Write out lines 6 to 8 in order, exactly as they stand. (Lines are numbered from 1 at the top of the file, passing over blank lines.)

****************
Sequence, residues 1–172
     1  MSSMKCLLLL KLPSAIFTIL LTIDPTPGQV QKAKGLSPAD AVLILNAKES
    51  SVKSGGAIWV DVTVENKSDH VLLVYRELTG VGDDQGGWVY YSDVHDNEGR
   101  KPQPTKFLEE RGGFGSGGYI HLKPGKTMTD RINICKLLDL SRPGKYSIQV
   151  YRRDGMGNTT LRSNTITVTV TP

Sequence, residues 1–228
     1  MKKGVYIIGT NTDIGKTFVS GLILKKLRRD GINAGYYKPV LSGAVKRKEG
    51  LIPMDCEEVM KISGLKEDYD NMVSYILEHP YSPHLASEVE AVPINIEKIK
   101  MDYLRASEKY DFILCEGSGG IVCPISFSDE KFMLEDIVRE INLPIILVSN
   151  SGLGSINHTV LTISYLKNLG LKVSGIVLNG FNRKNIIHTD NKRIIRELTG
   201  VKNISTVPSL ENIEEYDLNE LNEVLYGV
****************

Sequence, residues 1–228
     1  MKKGVYIIGT NTDIGKTFVS GLILKKLRRD GINAGYYKPV LSGAVKRKEG
    51  LIPMDCEEVM KISGLKEDYD NMVSYILEHP YSPHLASEVE AVPINIEKIK